In Spanish, when a police officer traps a criminal it's called "reduce", i.e. "El policía redució al criminal". The literal translation of "reduce" to English is also reduce, but I believe this is one of the meaning the English word doesn't have (correct me if I'm wrong). Therefore, how should I call the act of a criminal being handcuffed or trapped by the police?

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    Do you mean the actual physical act of putting on the handcuffs, or the larger act of detaining the suspect, which may or may not include physically cuffing? Commented Jul 19, 2018 at 15:57

3 Answers 3



The criminal was arrested by the police.

Arrest does have a legal sense, when the police take somebody's freedom. They would normally handcuff someone when they are arrested.

Alternative possibilities

"Subdue" means "bring under control". Police officers learn to subdue a knife-wielding criminal without lethal force.

"overcome" It took three officers to overcome the violent criminal.

"restrain". The criminal was restrained by one officer while a second called for backup.

The only example I could find online of the use of "reduce" was "la policía redució al atacante a tiros." which seems to indicate that "Police shot the attacker".

  • Thanks, I think the word I was looking for it's more close to subdue, since arresto also exists in spanish and I dont think it's the same than reducir.
    – Pablo
    Commented Jul 19, 2018 at 14:15
  • I've added an example.
    – James K
    Commented Jul 19, 2018 at 17:06
  • I'm not convinced by the Spanish but I suppose the idea is subdue, yes. Also criminal is an adjective in Spanish: un acto criminal. Not a noun....a criminal is un criminoso.
    – Lambie
    Commented Jul 19, 2018 at 21:24
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    I'm surprised you didn't include handcuff as a verb: The criminal was handcuffed by the police.
    – J.R.
    Commented Jul 19, 2018 at 22:12

The question was about putting handcuffs on a person. For that the word must surely be "restrain".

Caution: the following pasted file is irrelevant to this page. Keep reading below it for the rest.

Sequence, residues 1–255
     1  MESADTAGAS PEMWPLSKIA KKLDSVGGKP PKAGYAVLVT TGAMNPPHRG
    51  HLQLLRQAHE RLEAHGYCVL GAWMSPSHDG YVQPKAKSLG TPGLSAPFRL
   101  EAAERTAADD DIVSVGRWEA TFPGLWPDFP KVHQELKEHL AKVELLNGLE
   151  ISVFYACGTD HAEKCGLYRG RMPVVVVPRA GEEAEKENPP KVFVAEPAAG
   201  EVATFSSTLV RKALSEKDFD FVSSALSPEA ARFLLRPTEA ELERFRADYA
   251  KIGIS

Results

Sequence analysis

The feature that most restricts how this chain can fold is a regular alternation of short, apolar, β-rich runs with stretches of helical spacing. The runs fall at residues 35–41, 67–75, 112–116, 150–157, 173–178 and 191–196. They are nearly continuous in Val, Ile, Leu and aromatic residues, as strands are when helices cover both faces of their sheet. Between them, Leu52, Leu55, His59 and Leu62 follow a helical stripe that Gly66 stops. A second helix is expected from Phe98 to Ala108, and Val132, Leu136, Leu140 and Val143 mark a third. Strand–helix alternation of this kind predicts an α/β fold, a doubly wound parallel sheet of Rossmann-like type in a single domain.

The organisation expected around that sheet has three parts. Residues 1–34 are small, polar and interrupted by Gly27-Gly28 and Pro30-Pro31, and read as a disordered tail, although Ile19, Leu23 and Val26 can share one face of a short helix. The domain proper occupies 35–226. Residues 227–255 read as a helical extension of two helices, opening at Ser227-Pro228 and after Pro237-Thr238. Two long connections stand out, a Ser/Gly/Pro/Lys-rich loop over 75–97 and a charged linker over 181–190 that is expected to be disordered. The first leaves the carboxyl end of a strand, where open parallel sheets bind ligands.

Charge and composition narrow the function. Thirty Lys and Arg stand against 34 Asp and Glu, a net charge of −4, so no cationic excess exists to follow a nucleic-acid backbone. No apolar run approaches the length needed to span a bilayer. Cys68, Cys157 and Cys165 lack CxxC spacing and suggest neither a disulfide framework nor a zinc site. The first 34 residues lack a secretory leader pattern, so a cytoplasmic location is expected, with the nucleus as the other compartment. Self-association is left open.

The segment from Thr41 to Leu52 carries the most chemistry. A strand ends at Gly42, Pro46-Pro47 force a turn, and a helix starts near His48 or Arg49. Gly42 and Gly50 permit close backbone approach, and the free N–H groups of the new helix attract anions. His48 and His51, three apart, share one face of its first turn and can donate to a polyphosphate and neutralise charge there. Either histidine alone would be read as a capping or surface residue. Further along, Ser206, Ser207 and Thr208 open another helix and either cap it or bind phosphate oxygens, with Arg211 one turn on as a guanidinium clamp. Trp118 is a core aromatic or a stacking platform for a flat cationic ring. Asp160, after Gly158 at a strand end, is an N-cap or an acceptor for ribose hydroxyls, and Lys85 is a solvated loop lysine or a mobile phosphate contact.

Arrest has a technical meaning in English law, and although @James K is right in saying that the police might well handcuff a person who has been arrested, that is incidental to the legal effect of arrest. It is certain that an arrest can occur without handcuffs being involved in any way. For example a prisoner already in jail for one crime might be arrested for another alleged offence.


The word is detained. You can be cuffed while being detained for questioning and to ensure safety while figuring out a situation.

You can be detained and handcuffed without being legally arrested. The officer has to tell the suspect that they haven't yet been arrested or charged with a crime, that the officer is handcuffing to ensure safety, and that they may be released after the questioning.

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    Hello Robert. This is a good suggestion. I've edited to make your answer address the question, and not the other answers (and also upvoted)
    – James K
    Commented Feb 26, 2021 at 20:03
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    A person can be detained without handcuffs. The officer might say, "Wait right here until I come back." Or she might say, "Sit here in the back of the squad car for a moment."
    – EllieK
    Commented Feb 26, 2021 at 20:35

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